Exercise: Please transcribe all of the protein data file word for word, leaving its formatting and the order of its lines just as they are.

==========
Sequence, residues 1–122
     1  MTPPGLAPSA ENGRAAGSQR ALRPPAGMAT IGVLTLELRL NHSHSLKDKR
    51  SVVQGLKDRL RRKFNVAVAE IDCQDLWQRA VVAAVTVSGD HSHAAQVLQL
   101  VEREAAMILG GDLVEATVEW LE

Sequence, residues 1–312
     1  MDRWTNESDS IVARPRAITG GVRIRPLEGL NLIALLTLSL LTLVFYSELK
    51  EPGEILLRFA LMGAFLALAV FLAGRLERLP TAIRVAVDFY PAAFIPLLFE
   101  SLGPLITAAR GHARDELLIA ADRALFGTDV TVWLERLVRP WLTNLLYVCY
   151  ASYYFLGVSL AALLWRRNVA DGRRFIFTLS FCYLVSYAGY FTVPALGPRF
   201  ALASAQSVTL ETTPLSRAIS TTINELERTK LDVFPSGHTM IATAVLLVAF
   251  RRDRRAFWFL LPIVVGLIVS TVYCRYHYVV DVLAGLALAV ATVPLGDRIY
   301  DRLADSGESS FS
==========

Sequence, residues 1–122
     1  MTPPGLAPSA ENGRAAGSQR ALRPPAGMAT IGVLTLELRL NHSHSLKDKR
    51  SVVQGLKDRL RRKFNVAVAE IDCQDLWQRA VVAAVTVSGD HSHAAQVLQL
   101  VEREAAMILG GDLVEATVEW LE

Sequence, residues 1–312
     1  MDRWTNESDS IVARPRAITG GVRIRPLEGL NLIALLTLSL LTLVFYSELK
    51  EPGEILLRFA LMGAFLALAV FLAGRLERLP TAIRVAVDFY PAAFIPLLFE
   101  SLGPLITAAR GHARDELLIA ADRALFGTDV TVWLERLVRP WLTNLLYVCY
   151  ASYYFLGVSL AALLWRRNVA DGRRFIFTLS FCYLVSYAGY FTVPALGPRF
   201  ALASAQSVTL ETTPLSRAIS TTINELERTK LDVFPSGHTM IATAVLLVAF
   251  RRDRRAFWFL LPIVVGLIVS TVYCRYHYVV DVLAGLALAV ATVPLGDRIY
   301  DRLADSGESS FS